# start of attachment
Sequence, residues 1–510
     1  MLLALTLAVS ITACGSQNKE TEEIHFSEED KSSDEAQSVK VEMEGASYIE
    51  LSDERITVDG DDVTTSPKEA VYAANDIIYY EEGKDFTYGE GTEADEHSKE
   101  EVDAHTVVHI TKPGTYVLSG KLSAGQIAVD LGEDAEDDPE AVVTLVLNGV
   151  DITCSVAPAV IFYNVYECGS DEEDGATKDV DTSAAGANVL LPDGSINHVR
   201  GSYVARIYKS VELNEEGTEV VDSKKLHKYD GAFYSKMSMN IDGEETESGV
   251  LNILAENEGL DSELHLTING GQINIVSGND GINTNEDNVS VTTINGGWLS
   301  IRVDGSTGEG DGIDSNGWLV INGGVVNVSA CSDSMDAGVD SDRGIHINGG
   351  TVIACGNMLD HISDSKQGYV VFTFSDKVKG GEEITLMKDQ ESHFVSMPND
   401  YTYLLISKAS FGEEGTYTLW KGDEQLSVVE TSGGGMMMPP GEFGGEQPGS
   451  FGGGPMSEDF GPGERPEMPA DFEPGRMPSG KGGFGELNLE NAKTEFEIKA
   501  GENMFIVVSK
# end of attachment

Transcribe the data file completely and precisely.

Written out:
Sequence, residues 1–510
     1  MLLALTLAVS ITACGSQNKE TEEIHFSEED KSSDEAQSVK VEMEGASYIE
    51  LSDERITVDG DDVTTSPKEA VYAANDIIYY EEGKDFTYGE GTEADEHSKE
   101  EVDAHTVVHI TKPGTYVLSG KLSAGQIAVD LGEDAEDDPE AVVTLVLNGV
   151  DITCSVAPAV IFYNVYECGS DEEDGATKDV DTSAAGANVL LPDGSINHVR
   201  GSYVARIYKS VELNEEGTEV VDSKKLHKYD GAFYSKMSMN IDGEETESGV
   251  LNILAENEGL DSELHLTING GQINIVSGND GINTNEDNVS VTTINGGWLS
   301  IRVDGSTGEG DGIDSNGWLV INGGVVNVSA CSDSMDAGVD SDRGIHINGG
   351  TVIACGNMLD HISDSKQGYV VFTFSDKVKG GEEITLMKDQ ESHFVSMPND
   401  YTYLLISKAS FGEEGTYTLW KGDEQLSVVE TSGGGMMMPP GEFGGEQPGS
   451  FGGGPMSEDF GPGERPEMPA DFEPGRMPSG KGGFGELNLE NAKTEFEIKA
   501  GENMFIVVSK